Is the contentious Energy East pipeline the best way to help Alberta?

Justin Trudeau has pledged almost a billion dollars to bolster Alberta's economy. But would building the east west pipeline be a better way to help Alberta? With guest host Duncan McCue.
(Canadian Press)
Listen to the full episode1:53:01

Justin Trudeau has pledged almost a billion dollars to boost Alberta's sagging economy. But would fast-tracking the Energy East pipeline be a better way to help Alberta? With guest host Duncan McCue.

For the past decade, Alberta has been the engine of the Canadian economy and now, the province is spluttering. Energy revenues are expected to fall from $9 billion in the last fiscal year to $2.8 billion in the fiscal year that ends next month.

As oil prices have plunged, so has the number of jobs. Alberta shed almost 20,000 jobs last year—more than any year since the 1982 recession, which many Westerners blamed on the National Energy Policy—introduced by Pierre Trudeau.

So when Prime Minister Justin Trudeau met with Premier Rachel Notley and oil executives last week, there were hopes that more than pleasantries would be exchanged. As the columnist Jen Gerson put it: "There are few provinces in this country less inclined to sunny ways than Alberta!" 

At that meeting, Trudeau promised to fast-track $700 million in infrastructure funding, which was promised by the previous government. Furthermore, Alberta will receive the $250 million it requested under the fiscal stabilization fund. As well, the prime minister assured changes will be made to the Employment Insurance rules, in order to soften the blow for Albertans who have lost their jobs.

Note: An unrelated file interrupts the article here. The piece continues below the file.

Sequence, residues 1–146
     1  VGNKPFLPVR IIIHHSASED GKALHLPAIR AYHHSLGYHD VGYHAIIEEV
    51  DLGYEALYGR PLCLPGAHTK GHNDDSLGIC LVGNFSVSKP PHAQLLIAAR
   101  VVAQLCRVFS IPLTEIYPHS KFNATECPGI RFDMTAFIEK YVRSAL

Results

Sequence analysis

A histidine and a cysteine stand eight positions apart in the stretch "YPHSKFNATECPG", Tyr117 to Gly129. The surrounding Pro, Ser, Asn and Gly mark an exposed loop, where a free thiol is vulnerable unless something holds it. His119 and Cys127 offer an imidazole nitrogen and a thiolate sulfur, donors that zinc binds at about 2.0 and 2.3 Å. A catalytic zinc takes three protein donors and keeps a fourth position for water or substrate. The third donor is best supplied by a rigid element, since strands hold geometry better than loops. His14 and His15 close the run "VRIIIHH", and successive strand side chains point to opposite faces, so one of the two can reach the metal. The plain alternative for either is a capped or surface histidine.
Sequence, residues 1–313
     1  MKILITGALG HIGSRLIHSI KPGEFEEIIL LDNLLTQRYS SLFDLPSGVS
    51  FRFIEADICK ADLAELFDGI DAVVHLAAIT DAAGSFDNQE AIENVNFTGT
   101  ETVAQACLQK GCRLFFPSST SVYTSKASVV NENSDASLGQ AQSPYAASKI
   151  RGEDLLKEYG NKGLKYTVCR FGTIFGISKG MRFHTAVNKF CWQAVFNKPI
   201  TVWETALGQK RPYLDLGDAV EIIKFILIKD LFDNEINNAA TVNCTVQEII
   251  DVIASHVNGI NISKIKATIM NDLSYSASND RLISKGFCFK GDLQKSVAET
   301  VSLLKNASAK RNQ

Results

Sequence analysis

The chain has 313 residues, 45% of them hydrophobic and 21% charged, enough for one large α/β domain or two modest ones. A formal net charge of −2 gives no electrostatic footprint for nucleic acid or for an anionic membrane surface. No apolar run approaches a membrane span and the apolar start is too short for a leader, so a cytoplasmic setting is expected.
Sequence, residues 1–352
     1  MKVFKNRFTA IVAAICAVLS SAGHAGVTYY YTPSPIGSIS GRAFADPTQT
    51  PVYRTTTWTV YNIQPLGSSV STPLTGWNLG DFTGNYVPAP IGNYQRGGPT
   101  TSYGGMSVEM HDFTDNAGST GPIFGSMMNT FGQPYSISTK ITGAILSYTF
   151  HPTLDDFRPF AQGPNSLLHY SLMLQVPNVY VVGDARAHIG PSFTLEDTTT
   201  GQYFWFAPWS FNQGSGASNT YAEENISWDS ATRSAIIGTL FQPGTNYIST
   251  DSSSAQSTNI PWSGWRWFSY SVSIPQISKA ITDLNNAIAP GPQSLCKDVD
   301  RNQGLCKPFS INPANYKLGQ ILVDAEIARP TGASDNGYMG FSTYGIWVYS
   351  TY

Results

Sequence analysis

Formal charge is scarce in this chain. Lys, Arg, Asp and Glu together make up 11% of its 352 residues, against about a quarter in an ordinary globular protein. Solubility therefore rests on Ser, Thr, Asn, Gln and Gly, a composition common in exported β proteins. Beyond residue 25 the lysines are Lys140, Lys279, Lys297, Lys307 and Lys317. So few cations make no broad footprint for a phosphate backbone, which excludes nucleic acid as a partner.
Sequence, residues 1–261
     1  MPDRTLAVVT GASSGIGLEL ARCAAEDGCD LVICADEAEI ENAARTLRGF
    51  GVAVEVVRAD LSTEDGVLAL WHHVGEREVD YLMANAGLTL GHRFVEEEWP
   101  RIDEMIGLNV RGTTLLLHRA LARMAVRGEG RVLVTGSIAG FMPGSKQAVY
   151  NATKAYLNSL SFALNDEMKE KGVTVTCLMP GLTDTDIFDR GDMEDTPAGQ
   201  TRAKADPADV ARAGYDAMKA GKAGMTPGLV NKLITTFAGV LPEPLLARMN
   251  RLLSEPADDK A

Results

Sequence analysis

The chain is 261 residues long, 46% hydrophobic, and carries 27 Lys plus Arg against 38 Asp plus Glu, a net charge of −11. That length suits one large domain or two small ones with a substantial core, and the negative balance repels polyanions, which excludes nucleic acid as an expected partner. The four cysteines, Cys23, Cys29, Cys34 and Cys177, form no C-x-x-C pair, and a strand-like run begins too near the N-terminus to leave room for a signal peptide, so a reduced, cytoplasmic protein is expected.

Host of Cross Country Checkup, Duncan McCue. McCue has been a reporter for CBC News for over 15 years. His news and current affairs pieces are featured on CBC's The National. Duncan is Anishinaabe, a member of the Chippewas of Georgina Island First Nation in southern Ontario. (CBC)

The implications of the sluggish energy sector continue to ripple though other resource dependent provinces: Saskatchewan, New Brunswick, Newfoundland and Labrador. But many argue that it's hard to imagine any province making a stronger case for aid than Alberta.

Of course, the elephant in the room in all these meetings is the building of a pipeline to help get western oil to market. The most likely pipeline is Energy East, which would stretch from Alberta to an export terminal in New Brunswick and could carry up to 1.1 million barrels of crude oil per day.

However, all attempts at pipelines, whether west, south and east, have been snarled by entrenched political opposition. Justin Trudeau has vowed that pipelines won't be built without community acceptance, especially from indigenous peoples. And Quebec's agreement is crucial to the project, so far the province's mayors are as divided as the rest of the country seems to be. The mayor of Quebec City is in favour, while a coalition of Montreal area mayors are against.

Our question: Is the contentious Energy East pipeline the best way to help Alberta?

GUESTS

Duane Bratt
Chair and professor in Mount Royal University's Department of Policy Studies
Twitter: @DuaneBratt

Lise Ravary
Columnist and blogger for Le Journal de Montreal.  
Twitter: @liseravary

Niigaan Sinclair
Acting Head of the Department of Native Studies at the University of Manitoba
Twitter: @Niigaanwewidam

Mayor Naheed Nenshi
Mayor of Calgary 
Twitter @nenshi